Whilst location recordings often require innovative approaches, Vlad has a very unusual method of capturing in-the-wild surround sound: “My favourite rig to record with is four MKH 8020s, placed around a tree. It sounds a bit cheesy, but it gives me the perspective of the tree listening to the environment in 360 degrees. Of course, a tree doesn’t listen to anything. But if you think about the grooves and the texture of the bark, it’s something like head-related trans-reflection, like your nose, face and its contours. The sound bouncing round the tree colours it in a certain way. So listening from the tree’s perspective in the rainforest is my ultimate recording technique and I will use it whenever possible. The low noise floor, high build quality and excellent bass response of Sennheiser 8020s comes in handy when recording in the wilderness. And they perform exceptionally well in extreme humidity, especially when you look at the competition.”
Vlad also shares his travel experiences and selected recordings with his social media community, giving hints and tips on techniques like making his rig as unobtrusive as possible so passing baboons don’t destroy it, or building a canopy of leaves, brush and twigs over his microphones in the rainforest to stop rain drops falling directly onto them to keep the sound more natural and retain the feeling of immersion. “I documented this on one of my early YouTube videos and a lot of people are doing it now,” he smiles. “They love the idea and I’ve heard way better recordings of rain. So, I’m really happy to be coming up with these sorts of tricks to facilitate good sound recordings.”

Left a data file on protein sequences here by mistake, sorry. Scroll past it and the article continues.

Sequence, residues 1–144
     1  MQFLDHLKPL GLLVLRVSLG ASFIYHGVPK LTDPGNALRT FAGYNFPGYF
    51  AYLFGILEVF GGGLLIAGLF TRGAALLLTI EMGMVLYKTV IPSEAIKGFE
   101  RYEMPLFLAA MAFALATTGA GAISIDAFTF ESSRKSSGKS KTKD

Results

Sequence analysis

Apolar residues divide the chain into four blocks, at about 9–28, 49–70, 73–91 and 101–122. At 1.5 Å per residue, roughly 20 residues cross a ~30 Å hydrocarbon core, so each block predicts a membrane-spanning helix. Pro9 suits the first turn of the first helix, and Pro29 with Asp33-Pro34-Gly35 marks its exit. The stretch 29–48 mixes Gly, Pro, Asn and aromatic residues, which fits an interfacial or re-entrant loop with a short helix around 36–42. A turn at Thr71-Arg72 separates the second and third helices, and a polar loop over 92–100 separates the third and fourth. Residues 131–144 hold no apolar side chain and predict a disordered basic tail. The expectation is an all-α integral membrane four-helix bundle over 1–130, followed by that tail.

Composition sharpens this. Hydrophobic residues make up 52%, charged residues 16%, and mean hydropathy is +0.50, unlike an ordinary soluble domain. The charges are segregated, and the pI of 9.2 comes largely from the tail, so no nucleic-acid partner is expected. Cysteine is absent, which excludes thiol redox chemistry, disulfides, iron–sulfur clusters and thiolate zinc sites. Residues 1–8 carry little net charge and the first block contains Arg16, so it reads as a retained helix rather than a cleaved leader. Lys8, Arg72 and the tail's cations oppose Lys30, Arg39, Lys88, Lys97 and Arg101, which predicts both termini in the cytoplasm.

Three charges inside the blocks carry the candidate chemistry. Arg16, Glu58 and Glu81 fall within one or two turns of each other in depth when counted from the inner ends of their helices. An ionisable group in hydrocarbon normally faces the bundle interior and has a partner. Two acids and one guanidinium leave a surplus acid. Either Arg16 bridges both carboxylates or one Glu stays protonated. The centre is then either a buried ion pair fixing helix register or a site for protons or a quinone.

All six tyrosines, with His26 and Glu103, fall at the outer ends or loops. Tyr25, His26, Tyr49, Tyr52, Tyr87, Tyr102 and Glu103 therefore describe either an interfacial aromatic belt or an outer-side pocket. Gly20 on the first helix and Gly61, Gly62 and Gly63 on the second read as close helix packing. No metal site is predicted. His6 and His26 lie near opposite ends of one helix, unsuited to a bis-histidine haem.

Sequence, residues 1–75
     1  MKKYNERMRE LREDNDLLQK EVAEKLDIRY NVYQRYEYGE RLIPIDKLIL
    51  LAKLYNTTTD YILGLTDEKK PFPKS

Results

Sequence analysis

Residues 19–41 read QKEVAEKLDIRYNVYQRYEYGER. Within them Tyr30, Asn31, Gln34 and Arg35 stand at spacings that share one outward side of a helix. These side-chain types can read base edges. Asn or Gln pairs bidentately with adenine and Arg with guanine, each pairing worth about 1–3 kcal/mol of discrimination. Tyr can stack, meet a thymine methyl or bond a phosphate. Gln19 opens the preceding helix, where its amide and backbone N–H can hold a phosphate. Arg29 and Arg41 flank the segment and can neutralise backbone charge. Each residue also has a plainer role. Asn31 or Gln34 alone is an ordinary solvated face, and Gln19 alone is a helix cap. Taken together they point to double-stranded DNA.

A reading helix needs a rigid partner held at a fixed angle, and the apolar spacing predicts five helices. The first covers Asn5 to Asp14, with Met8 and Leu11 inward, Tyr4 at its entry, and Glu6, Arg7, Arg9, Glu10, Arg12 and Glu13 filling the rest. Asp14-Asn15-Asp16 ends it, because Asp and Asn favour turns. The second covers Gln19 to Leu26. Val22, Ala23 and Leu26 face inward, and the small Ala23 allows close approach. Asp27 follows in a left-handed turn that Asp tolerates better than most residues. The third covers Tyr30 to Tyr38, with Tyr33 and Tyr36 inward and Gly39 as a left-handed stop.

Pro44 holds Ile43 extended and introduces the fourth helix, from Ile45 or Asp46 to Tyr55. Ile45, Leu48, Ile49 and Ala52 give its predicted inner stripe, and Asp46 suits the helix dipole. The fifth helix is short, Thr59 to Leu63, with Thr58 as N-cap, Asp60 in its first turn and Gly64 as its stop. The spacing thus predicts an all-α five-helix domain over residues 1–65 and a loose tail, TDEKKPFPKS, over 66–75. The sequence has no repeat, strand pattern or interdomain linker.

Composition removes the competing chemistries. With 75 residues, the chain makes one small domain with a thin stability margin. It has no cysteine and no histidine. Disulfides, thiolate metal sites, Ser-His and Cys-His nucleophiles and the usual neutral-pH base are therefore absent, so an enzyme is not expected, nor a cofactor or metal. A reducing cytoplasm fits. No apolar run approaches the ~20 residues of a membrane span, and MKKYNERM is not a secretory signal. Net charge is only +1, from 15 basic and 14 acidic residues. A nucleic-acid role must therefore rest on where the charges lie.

A great deal of time goes into planning of these exotic trips; Vlad does extensive risk assessments and has completed first aid and remote medicine courses to mitigate as much as possible. His expedition to Gabon, for example, took eight months of preparation, one month on location and up to six months of post-production. Seemingly no task is too challenging for Vlad however, such as travelling to the Congo by flying to Gabon and then continuing by car. “And hiring a car in Gabon is more expensive than buying it outright, but as a Westerner you are not allowed to buy a car or even drive outside the capital,” he says. “I’ve built my expeditions one on the other and very slowly pushed my comfort zone, so I’ve never been really far outside it. There have been situations where I’ve felt a little threatened. My friend and I were the only westerners in the Congo rainforest and sometimes the locals weren’t so excited for us to be there; we didn’t know the local mores, or social norms. But then I sometimes think it can be way more dangerous in Central London than in the Congo rainforest!”
Vlad’s forthcoming plans include a major expedition to Antarctica in 2022, which he has been planning since 2019, plus trips to Madagascar, Sumatra or Papua New Guinea. “It is rather difficult to find fixers locally, but I will try my best and will probably visit the country that eases its Covid restrictions first.”
Wherever that may turn out to be, his Sennheiser microphones will go with him.
Listen to George’s recording of a morning in the African rainforest:
The images accompanying this press release plus some additional photos can be downloaded here. All pictures courtesy of George Vlad.